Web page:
- An employee on a business trip to Cambodia suffered a heart attack and died in his hotel room. His estate claimed compensation under the Work Injury Compensation Act but the claim was rejected by the Commissioner for Labour on the basis that his death did not occur in the course of employment.
- The High Court overturned the Commissioner’s decision and held that compensation was payable as the employee’s presence in Cambodia at the time of death was necessarily incidental to his employment notwithstanding that the employee may not have been working at the relevant time.
Section 3 of the Work Injury Compensation Act, (the Act) provides that "(i)f in any employment personal injury by accident arising out of and in the course of the employment is caused to an employee, his employer shall be liable to pay compensation in accordance with the provision of this Act".
In the case of Pang Chew Kin v Wartsila Singapore Pte Ltd  SGHC 194, an employee died from a heart attack in a Cambodian hotel room during a business trip. The Commissioner for Labour assessed that no compensation was payable because death was not caused by an accident arising out of or in the course of employment.
High Court decision
On appeal, Justice Tay Yong Kwang, considered the meaning of the words ‘accident’ and ‘in the course of the employment for the purposes of s.3 (1) of the Act. It was held that an ‘accident’ meant ‘an unfortunate incident that happened unexpectedly and unintentionally, typically resulting in damage or injury.’ This could include something which happens as a result of a person’s ‘internal medical condition’.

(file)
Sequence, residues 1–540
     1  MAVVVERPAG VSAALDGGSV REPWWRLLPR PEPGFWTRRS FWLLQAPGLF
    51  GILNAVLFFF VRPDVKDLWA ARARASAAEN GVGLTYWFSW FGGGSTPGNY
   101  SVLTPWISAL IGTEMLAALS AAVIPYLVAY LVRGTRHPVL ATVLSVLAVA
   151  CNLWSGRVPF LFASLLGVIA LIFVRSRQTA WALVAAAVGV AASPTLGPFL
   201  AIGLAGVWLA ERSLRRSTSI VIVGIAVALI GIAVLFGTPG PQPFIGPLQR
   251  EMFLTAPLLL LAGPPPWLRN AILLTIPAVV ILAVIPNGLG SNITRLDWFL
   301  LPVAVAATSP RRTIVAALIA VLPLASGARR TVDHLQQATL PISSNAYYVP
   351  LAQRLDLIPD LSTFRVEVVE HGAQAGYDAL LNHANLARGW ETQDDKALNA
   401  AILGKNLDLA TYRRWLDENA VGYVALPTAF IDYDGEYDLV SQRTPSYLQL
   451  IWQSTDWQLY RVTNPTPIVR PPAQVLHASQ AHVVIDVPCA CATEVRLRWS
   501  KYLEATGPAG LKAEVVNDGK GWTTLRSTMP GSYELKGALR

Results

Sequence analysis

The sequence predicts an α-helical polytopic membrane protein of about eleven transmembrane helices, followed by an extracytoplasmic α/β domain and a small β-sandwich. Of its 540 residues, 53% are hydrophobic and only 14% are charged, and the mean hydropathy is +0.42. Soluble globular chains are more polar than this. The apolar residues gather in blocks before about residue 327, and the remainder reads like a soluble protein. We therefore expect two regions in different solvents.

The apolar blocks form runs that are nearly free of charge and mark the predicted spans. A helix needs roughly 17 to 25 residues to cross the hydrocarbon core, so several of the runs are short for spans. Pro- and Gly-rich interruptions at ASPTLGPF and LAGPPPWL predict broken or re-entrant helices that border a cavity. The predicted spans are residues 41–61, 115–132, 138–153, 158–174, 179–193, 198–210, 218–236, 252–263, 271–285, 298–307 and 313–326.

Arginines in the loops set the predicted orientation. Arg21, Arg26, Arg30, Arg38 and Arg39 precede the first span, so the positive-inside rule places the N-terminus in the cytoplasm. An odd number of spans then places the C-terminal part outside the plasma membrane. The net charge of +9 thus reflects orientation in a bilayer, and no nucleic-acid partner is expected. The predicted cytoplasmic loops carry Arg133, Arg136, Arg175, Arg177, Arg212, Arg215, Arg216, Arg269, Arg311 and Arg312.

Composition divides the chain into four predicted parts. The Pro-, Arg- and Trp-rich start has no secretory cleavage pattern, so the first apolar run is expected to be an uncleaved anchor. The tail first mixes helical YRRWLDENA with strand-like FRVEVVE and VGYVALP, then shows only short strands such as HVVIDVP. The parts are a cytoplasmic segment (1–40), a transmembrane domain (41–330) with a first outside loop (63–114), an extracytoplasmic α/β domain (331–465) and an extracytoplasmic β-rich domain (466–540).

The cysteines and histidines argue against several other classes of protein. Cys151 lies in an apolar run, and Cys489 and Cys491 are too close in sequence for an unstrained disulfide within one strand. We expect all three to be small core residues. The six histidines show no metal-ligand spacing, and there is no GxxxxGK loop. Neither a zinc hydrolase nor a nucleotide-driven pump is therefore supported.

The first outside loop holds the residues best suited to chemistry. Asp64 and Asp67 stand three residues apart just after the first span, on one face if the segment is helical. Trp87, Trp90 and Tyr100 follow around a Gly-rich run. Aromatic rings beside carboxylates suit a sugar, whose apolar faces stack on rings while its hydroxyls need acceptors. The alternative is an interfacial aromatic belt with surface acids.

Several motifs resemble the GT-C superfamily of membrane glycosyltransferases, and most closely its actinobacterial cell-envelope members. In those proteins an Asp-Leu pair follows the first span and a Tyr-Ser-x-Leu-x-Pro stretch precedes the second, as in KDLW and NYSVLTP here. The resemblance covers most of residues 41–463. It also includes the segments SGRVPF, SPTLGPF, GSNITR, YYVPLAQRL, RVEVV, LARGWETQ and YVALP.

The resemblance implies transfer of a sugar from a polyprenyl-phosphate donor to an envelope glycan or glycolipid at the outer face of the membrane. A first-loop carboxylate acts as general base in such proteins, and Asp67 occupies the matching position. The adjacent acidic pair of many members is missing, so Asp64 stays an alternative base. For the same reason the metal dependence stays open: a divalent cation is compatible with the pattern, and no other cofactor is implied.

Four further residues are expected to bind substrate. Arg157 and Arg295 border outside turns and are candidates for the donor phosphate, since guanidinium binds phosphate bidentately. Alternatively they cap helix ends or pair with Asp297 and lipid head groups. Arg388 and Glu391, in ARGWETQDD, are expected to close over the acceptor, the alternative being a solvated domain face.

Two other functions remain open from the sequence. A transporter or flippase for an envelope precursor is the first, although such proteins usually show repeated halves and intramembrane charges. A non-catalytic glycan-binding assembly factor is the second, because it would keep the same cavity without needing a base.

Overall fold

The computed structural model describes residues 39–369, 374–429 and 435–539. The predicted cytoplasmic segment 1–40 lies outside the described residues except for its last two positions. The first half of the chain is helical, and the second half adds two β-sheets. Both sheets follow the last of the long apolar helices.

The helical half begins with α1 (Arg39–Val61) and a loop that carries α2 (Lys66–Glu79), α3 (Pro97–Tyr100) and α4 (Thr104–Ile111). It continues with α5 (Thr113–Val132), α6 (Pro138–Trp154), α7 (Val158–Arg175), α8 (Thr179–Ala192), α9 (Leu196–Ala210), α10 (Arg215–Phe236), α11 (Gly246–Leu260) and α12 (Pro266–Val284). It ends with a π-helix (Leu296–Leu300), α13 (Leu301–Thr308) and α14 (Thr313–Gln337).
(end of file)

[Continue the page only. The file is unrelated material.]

The High Court also held that determining whether an injury was sustained in the ‘course of employment’ is a highly factual inquiry and not one which could be determined by a precise legal test. For example, a person who goes bungee jumping and suffers an injury whilst on a business trip could be said to have gone on a ‘frolic on his own’. However, if that person goes bungee jumping with a client for ‘relationship building’ purposes it could be argued that the injury suffered was in the course of employment.
In Wartsila, the Court held that that the employee’s death was caused by an accident during the course of employment and compensation was due. The trip was work-related and although the employee may not have been working when he died, the fact that he was in the hotel room at that time was necessarily incidental to his work.
Implications for employers
The High Court’s decision makes it clear that what occurs ‘in the course of employment’ can cover incidents outside of the actual workplace and/or normal business hours. Employers should check their employment policies, as well as insurance cover, to ensure that they have adequate protection against these liabilities which can occur outside of the workplace.
Joseph Liow, Director, Straits Law Practice LLP